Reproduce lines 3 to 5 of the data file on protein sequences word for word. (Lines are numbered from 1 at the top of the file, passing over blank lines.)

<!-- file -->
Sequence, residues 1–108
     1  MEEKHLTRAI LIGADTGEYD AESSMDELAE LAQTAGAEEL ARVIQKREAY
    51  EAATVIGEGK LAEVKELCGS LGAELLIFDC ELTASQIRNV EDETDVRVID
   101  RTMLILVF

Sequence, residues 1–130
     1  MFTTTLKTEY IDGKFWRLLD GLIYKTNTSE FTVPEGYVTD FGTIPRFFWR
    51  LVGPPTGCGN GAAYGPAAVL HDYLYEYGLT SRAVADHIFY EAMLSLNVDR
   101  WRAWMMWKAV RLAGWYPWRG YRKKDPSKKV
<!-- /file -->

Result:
    51  EAATVIGEGK LAEVKELCGS LGAELLIFDC ELTASQIRNV EDETDVRVID
   101  RTMLILVF

Sequence, residues 1–130